• INTRODUCTION TO A GEOGRAPHICAL PERSPECTIVE IN TOURISM
      1. The geographical articulation of the tourism phenomenon through time: economic, social and cultural dimensions.
      2. The significance of the geographical articulation of the study of tourism
      3.  Geographical perspective to the historical evolution of the tourism phenomenon
      4. Spatial characteristics of tourism
      5. The interrelationship of tourism with the geography of “development”
    • THE GEOGRAPHICAL DISTRIBUTION OF TOURISM DEMAND AND SUPPLY
      1. Tourism demand structures and dynamics and patterns of tourism in connection with tourist economic, social and cultural profiles
      2. Countries/ regions of origin and factors of demand. The formulation of travel motives and travel patterns
      3. Tourist product and tourist destinations. Special and alternative forms of travel.  Domestic and foreign tourism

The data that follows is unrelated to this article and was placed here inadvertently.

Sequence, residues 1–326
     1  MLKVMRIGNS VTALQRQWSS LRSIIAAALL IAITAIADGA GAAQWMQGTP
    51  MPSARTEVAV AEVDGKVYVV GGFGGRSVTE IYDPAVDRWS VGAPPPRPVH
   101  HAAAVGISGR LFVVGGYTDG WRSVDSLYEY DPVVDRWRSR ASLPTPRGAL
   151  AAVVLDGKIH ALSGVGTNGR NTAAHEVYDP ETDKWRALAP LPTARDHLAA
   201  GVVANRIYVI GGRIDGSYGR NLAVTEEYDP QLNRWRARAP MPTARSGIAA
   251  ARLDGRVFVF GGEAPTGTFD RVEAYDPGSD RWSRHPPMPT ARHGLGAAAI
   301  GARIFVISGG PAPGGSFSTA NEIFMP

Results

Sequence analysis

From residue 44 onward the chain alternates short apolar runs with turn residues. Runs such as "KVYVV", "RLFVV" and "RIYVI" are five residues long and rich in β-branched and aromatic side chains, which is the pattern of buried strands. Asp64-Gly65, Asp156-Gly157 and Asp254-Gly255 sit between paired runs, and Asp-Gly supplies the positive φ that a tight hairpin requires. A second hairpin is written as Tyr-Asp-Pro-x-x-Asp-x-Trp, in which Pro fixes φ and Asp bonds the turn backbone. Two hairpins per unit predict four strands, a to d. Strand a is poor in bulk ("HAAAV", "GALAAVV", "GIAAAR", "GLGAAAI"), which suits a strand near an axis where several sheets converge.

4. The map of international tourism.  Tourism resources and infrastructures.
      5. Typologies of tourism regions. Island, coastal and urban tourism. Tourism product articulation
      6. Tourism intermediaries (tour, airline, and hotel operators).  Tourism in Europe and in the Mediterranean
    • SPATIAL APPROACHES  AND IMPACTS OF TOURISM
      1. Models and theories of spatial tourism development, at various geographical scales
      2. Spatial impacts of tourism at places of destination: economic costs and benefits in contrast to environmental, social and cultural impacts
      3. The relationships between leisure, recreation and tourism. Themes in the geography of leisure
      4. Landscapes of tourism and the consumption of the environment: theoretical perspectives and case studies
  • Recommended Reading:
    Α) Principal References:
    1. Williams, Stephen.  1998—or newest edition. Tourism Geography.  London: Routledge.
    2. Hall, C. M. and S. J. Page.  1999—or newest edition. The Geography of Tourism and Recreation: Environment, Place and Space.  London: Routledge.  Chapters: 1-4, pp. 1-138. 
    3. Williams, Allan and Gareth Shaw.  1998—or newest edition. Tourism and Economic Development, in The New Europe: Economy, Society and Environment, David Pinder, ed.  New York: John Wiley & Sons.